http://www.chicagofed.org/webpages/publications/nfci/index.cfm

Below are the most recently updated charts of the NFCI and ANFCI, respectively.

The NFCI chart below was last updated on June 24, 2015 incorporating data from January 5,1973 to June 19, 2015, on a weekly basis.  The June 19, 2015 value is -.79:

(click on chart to enlarge image)

NFCI 6-24-15

Data Source: FRED, Federal Reserve Economic Data, Federal Reserve Bank of St. Louis; accessed June 24, 2015:

http://research.stlouisfed.org/fred2/series/NFCI

The ANFCI chart below was last updated on June 24, 2015 incorporating data from January 5,1973 to June 19, 2015, on a weekly basis.  The June 19 value is .59:

ANFCI

Data Source: FRED, Federal Reserve Economic Data, Federal Reserve Bank of St. Louis; accessed June 24, 2015:

http://research.stlouisfed.org/fred2/series/ANFCI

_________

I post various indicators and indices because I believe they should be carefully monitored.  However, as those familiar with this blog are aware, I do not necessarily agree with what they depict or imply.

_____

The Special Note summarizes my overall thoughts about our economic situation

SPX at 2111.77 as this post is written

Durable Goods New Orders – Long-Term Charts Through May 2015

Many people place emphasis on Durable Goods New Orders as a prominent economic indicator and/or leading economic indicator.

For reference, below are charts depicting this measure.

First, from the St. Louis Fed site (FRED), a chart through May, updated on June 23, 2015. This value is $228,913 ($ Millions):

(click on charts to enlarge images)

Durable Goods New Orders

Here is the chart depicting this measure on a “Percentage Change from a Year Ago” basis:

Durable Goods New Orders Percent Change From Year Ago

Data Source: FRED, Federal Reserve Economic Data, Federal Reserve Bank of St. Louis: Manufacturers’ New Orders:  Durable Goods [DGORDER]; U.S. Department of Commerce: Census Bureau; accessed June 23, 2015;

http://research.stlouisfed.org/fred2/series/DGORDER

_________

I post various indicators and indices because I believe they should be carefully monitored.  However, as those familiar with this blog are aware, I do not necessarily agree with what they depict or imply.

_____

The Special Note summarizes my overall thoughts about our economic situation

SPX at 2124.10 as this post is written

The U.S. Economic Situation – June 23, 2015 Update

Perhaps the main reason that I write of our economic situation is that I continue to believe, based upon various analyses, that our economic situation is in many ways misunderstood.  While no one likes to contemplate a future rife with economic adversity, current and future economic problems must be properly recognized and rectified if high-quality, sustainable long-term economic vitality is to be realized.

There are an array of indications and other “warning signs” – many readily apparent – that current economic activity and financial market performance is accompanied by exceedingly perilous dynamics.

I have written extensively about this peril, including in the following:

Building Financial Danger” (ongoing updates)

A Special Note On Our Economic Situation

Forewarning Pronounced Economic Weakness

Thoughts Concerning The Next Financial Crisis

Was A Depression Successfully Avoided?

Has the Financial System Strengthened Since the Financial Crisis?

The Next Crash And Its Significance

My analyses continues to indicate that the growing level of financial danger will lead to the next stock market crash that will also involve (as seen in 2008) various other markets as well.  Key attributes of this next crash is its outsized magnitude (when viewed from an ultra-long term historical perspective) and the resulting economic impact.  This next financial crash is of tremendous concern, as my analyses indicate it will lead to a Super Depression – i.e. an economy characterized by deeply embedded, highly complex, and difficult-to-solve problems.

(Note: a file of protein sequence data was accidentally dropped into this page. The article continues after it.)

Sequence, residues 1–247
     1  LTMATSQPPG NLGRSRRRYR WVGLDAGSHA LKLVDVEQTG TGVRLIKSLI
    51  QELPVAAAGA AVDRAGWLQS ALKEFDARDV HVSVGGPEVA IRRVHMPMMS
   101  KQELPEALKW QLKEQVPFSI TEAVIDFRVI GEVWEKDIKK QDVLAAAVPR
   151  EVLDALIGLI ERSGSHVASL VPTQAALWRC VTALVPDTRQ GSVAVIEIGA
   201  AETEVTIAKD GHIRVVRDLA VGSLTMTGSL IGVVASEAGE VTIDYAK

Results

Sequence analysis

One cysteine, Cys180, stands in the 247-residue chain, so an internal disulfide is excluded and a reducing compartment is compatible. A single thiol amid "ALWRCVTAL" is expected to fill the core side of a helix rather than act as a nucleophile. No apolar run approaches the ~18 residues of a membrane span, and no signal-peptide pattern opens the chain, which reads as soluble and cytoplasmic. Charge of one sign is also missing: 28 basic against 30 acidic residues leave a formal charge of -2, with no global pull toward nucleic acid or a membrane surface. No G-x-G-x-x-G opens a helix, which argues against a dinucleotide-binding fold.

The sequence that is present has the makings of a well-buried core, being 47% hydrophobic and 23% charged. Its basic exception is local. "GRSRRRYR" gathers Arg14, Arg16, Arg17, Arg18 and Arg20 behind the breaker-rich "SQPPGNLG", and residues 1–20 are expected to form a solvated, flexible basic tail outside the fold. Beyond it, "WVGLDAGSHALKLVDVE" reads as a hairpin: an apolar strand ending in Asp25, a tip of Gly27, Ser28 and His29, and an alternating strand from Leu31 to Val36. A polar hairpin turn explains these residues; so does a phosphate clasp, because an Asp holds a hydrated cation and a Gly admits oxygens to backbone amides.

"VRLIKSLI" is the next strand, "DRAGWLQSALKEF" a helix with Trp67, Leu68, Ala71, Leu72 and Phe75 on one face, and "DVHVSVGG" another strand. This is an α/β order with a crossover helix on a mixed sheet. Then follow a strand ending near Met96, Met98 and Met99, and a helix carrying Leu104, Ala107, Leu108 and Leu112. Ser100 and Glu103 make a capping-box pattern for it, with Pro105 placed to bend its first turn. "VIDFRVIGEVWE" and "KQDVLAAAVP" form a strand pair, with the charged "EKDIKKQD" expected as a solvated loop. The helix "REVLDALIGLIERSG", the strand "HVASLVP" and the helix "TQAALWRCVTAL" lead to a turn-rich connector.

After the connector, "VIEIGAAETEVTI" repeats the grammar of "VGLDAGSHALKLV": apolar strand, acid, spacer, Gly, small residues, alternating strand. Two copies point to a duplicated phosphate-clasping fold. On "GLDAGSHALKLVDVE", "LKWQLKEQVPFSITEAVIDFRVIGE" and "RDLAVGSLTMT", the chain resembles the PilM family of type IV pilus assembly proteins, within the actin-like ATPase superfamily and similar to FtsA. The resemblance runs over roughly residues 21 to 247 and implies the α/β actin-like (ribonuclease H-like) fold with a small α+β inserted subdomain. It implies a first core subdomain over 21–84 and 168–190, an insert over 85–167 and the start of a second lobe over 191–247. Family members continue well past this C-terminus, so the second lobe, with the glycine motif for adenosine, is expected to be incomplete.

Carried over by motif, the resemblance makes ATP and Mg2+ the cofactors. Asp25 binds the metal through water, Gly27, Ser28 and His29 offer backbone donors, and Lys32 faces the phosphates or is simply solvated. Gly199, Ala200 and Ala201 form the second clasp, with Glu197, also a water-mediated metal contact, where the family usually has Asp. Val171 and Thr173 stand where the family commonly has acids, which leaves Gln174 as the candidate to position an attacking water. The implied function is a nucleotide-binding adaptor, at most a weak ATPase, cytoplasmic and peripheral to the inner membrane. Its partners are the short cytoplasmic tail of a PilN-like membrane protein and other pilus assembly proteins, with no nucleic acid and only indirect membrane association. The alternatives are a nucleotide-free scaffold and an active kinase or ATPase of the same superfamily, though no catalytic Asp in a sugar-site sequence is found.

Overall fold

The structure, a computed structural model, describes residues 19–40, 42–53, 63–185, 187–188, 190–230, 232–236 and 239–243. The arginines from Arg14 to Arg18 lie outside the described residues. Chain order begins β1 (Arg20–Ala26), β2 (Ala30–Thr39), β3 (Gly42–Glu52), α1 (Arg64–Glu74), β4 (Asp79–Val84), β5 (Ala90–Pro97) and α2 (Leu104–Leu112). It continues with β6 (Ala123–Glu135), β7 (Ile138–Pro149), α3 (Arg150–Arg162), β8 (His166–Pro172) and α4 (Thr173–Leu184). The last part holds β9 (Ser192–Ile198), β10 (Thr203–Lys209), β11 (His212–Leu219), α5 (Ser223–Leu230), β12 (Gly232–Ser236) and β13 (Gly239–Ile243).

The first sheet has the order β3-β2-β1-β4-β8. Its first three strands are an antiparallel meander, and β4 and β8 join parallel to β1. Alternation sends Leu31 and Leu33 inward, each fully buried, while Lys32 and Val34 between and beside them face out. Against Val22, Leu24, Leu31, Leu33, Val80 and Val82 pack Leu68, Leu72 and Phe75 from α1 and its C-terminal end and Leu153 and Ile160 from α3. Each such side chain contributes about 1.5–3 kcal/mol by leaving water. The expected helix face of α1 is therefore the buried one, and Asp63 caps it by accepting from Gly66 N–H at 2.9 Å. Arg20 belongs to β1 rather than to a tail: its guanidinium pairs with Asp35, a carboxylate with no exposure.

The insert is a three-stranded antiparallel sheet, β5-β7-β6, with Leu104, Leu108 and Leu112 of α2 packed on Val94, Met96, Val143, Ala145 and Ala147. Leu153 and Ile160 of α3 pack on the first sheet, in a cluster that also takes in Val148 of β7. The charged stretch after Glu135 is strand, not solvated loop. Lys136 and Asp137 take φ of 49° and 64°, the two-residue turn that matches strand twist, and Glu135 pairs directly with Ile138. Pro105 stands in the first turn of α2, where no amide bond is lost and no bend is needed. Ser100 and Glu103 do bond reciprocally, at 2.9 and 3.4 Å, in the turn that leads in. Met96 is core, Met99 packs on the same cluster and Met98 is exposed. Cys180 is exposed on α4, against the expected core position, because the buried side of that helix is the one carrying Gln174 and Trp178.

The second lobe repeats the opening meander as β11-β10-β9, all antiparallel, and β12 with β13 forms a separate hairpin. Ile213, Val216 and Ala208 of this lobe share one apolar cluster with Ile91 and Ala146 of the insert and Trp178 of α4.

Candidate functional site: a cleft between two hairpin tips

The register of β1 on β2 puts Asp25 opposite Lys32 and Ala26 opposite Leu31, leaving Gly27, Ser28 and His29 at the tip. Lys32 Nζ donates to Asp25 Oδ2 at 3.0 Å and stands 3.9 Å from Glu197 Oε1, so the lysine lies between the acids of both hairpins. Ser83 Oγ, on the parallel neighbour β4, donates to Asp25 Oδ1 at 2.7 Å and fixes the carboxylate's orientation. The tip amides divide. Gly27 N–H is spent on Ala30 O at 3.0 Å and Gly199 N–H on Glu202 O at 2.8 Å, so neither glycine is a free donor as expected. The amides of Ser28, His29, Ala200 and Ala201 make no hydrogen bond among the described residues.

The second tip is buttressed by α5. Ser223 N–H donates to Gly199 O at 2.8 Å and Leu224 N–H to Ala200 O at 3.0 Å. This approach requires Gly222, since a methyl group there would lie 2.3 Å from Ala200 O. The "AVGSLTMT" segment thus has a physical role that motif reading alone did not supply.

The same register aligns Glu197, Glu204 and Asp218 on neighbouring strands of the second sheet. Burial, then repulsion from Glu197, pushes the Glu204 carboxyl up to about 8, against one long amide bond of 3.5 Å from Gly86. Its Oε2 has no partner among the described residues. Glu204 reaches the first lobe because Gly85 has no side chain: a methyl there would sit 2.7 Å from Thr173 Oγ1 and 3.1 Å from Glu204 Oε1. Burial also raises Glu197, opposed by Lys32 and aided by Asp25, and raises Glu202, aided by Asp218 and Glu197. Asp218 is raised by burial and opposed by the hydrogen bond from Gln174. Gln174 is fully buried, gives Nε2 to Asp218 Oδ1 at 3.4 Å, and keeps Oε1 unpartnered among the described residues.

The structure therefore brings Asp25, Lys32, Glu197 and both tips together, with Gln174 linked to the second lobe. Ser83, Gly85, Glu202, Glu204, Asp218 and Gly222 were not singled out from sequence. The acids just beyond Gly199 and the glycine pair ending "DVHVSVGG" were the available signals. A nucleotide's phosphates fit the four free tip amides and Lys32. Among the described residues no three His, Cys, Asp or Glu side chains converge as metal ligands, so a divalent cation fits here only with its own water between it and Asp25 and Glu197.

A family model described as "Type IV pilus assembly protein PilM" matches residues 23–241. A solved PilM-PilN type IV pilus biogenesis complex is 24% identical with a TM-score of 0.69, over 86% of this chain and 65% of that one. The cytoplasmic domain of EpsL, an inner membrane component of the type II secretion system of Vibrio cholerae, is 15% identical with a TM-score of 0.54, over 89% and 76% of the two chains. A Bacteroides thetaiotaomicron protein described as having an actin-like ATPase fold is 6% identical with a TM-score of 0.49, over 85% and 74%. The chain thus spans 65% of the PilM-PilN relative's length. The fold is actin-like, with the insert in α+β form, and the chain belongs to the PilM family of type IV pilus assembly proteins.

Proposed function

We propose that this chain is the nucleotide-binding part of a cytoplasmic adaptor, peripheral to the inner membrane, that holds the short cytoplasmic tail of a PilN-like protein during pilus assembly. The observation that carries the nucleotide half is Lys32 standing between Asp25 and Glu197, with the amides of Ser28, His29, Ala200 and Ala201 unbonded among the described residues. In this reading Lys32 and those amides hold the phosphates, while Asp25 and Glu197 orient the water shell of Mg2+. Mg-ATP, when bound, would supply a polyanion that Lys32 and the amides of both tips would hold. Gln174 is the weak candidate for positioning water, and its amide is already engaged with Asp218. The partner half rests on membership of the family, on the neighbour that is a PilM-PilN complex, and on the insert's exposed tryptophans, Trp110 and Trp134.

For long-term reference purposes, here is a chart of the Dow Jones Industrial Average since 1900, depicted on a monthly basis using a LOG scale (updated through June 19, 2015, with a last value of 18014.28:

(click on chart to enlarge image)(chart courtesy of StockCharts.com)

DJIA since 1900

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The Special Note summarizes my overall thoughts about our economic situation

SPX at 2124.88 as this post is written

Updates Of Economic Indicators June 2015

Here is an update of various indicators that are supposed to predict and/or depict economic activity. These indicators have been discussed in previous blog posts:

The June 2015 Chicago Fed National Activity Index (CFNAI) updated as of June 22, 2015:

CFNAI-MA3

The ECRI WLI (Weekly Leading Index):

As of June 19, 2015 (incorporating data through June 12, 2015) the WLI was at 134.3 and the WLI, Gr. was at 1.0%.

A chart of the WLI,Gr., from Doug Short’s post of June 19, 2015, titled “ECRI:  ‘Shifting Patterns in Recessions and Recoveries’“:

ECRI WLI,Gr.

The Aruoba-Diebold-Scotti Business Conditions (ADS) Index:

Here is the latest chart, depicting the ADS Index from December 31, 2007 through June 13, 2015:

ADS Index

The Conference Board Leading (LEI) and Coincident (CEI) Economic Indexes:

As per the June 18, 2015 press release, titled “The Conference Board Leading Economic Index (LEI) for the U.S. Increased Again,” the LEI was at 123.1 and the CEI was at 112.1 in May.

An excerpt from the June 18 release:

“The U.S. LEI increased sharply again in May, confirming the outlook for more economic expansion in the second half of the year after what looks to be a much weaker first half,” said Ataman Ozyildirim, Director, Business Cycles and Growth Research, at The Conference Board. “While residential construction and consumer expectations support the more positive outlook, industrial production and new orders in manufacturing are painting a somewhat more mixed picture.”